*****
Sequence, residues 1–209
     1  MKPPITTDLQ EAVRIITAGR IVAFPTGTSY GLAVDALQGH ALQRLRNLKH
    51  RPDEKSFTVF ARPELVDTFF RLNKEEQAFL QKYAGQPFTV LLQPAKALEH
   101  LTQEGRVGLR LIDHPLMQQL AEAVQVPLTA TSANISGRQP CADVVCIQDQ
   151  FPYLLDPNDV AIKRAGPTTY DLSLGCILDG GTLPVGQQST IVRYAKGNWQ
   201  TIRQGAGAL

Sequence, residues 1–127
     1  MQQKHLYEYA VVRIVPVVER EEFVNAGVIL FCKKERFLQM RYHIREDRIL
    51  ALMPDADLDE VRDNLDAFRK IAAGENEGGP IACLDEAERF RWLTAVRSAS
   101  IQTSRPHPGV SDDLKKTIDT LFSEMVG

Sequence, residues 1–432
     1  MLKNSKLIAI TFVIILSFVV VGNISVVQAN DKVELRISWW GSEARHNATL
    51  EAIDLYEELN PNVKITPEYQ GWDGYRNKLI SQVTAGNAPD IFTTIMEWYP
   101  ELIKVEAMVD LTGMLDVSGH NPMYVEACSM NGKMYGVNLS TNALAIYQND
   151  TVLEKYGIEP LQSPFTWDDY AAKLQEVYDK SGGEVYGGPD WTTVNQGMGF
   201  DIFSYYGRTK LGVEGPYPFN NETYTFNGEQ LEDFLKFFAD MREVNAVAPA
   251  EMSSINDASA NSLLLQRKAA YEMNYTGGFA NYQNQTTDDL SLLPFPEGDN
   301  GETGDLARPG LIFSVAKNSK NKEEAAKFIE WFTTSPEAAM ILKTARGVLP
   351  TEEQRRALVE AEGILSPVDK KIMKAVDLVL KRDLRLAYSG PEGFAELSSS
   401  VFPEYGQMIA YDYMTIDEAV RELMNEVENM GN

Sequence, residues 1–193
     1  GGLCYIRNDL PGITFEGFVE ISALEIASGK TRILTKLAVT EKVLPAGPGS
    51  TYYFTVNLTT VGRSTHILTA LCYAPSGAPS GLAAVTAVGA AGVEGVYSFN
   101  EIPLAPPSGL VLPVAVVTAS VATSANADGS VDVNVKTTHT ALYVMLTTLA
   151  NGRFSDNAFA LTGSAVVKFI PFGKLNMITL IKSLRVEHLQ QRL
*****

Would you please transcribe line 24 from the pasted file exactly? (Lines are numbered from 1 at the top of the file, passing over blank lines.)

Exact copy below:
   101  EIPLAPPSGL VLPVAVVTAS VATSANADGS VDVNVKTTHT ALYVMLTTLA